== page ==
Iterated Filtering Methods for Markov Process Epidemic Models

Authored by: Theresa Stocks

Handbook of Infectious Disease Data Analysis

Print publication date:  November  2019
Online publication date:  November  2019

Print ISBN: 9781138626713
eBook ISBN: 9781315222912
Adobe ISBN:

10.1201/9781315222912-11

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Abstract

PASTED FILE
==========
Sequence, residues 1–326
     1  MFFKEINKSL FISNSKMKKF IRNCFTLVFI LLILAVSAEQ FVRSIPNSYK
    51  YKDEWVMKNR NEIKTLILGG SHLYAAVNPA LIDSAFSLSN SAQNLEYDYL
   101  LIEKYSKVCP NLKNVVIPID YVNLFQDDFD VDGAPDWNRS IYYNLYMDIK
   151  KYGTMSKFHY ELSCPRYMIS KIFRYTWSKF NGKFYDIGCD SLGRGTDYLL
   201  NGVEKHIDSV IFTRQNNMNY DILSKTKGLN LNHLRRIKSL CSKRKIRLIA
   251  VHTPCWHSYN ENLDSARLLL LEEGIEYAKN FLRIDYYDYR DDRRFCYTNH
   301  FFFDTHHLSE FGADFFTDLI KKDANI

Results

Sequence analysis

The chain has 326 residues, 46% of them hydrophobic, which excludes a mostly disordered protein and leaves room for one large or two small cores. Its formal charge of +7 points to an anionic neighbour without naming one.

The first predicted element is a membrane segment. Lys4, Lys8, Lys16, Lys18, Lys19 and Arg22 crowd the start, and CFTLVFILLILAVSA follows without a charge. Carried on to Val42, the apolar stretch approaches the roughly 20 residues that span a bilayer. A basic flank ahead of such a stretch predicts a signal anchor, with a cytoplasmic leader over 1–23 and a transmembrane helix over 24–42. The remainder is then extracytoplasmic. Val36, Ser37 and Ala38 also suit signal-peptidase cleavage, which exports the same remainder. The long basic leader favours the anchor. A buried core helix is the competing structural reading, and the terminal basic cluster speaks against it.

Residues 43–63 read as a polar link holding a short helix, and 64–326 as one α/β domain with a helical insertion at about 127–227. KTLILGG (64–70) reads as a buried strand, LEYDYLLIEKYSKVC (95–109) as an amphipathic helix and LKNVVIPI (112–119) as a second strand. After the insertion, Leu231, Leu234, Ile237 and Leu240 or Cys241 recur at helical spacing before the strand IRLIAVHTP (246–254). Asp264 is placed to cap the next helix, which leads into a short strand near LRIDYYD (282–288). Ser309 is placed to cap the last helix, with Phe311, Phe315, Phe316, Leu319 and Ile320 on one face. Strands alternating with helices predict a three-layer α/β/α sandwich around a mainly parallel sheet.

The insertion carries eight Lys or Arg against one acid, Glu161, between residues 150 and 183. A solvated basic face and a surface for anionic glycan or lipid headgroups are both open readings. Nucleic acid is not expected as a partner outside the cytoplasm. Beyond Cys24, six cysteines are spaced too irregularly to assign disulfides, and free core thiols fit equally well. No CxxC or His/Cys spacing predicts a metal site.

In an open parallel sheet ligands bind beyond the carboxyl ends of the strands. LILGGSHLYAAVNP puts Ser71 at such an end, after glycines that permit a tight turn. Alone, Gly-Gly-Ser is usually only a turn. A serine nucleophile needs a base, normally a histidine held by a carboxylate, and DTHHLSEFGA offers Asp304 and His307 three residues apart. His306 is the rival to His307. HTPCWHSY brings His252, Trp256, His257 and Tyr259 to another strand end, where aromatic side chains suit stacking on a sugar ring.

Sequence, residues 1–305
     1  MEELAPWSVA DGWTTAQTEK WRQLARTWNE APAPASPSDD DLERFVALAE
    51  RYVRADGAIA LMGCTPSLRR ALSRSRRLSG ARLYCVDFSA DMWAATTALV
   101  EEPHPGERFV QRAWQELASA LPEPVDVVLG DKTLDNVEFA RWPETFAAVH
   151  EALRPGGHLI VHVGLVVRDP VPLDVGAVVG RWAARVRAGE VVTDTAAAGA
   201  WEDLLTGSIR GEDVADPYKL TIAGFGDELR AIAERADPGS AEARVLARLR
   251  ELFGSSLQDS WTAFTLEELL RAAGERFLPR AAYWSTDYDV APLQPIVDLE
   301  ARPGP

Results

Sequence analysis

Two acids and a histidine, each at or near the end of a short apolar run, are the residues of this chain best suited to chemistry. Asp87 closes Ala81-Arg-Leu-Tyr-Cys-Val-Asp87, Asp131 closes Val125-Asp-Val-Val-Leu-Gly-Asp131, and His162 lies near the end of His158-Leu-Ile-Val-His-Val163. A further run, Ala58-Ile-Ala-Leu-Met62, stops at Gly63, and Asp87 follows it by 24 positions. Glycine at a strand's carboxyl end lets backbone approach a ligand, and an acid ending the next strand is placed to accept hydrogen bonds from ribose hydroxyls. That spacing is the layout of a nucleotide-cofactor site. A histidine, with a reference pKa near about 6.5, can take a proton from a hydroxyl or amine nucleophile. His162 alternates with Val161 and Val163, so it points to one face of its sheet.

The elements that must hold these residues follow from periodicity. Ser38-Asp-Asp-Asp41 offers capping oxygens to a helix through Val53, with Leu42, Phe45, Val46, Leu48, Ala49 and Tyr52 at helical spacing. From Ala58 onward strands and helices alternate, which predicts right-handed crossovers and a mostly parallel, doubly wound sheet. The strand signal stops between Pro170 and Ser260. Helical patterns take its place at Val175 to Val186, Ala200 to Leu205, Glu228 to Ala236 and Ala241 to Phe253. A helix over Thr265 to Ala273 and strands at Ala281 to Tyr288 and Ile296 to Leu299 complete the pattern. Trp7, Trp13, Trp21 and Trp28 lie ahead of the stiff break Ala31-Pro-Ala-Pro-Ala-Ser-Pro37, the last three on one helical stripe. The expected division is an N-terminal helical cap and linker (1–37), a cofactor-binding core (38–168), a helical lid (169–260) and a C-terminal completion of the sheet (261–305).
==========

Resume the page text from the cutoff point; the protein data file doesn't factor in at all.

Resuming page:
In this chapter we describe how iterated filtering methods (Ionides et al., 2006, 2015) can be used to analyze available infectious disease outbreak data in the form of time series. The centerpiece of these methods is the assumption that the outbreak data can be modeled as a noisy and only partially observed realization of a disease transmission process that is assumed to be a Markov process (King et al., 2016). The general inference approach is to (1) formulate a suitable Markovian transmission process, (2) connect the data to the transmission process using some suitable observation process, and (3) use iterated filtering to perform inference for the model parameters. The inference method presented here is likelihood-based. It is designed for models where it is relatively easy to draw samples from the Markov process compared to evaluating its transition probabilities. The iterated filtering algorithm is, among others, implemented in the R package pomp (King et al., 2016), which spans a wide collection of simulation, inference, and model selection methods for partially observed Markov processes (POMP). Other simulation-based inference methods for this model class are simulated moments (Kendall et al., 1999), synthetic likelihood (Wood, 2010), non-linear forecasting (Sugihara and May, 1990) or Bayesian approaches such as approximate Bayesian computations (Toni et al., 2009; Liu and West, 2001), and particle Markov chain Monte Carlo (PMCMC) (Andrieu et al., 2010). However, at present iterated filtering methods are the only currently available, frequentist, full-information, simulation-based inference methods for POMP models (Ionides et al., 2015).

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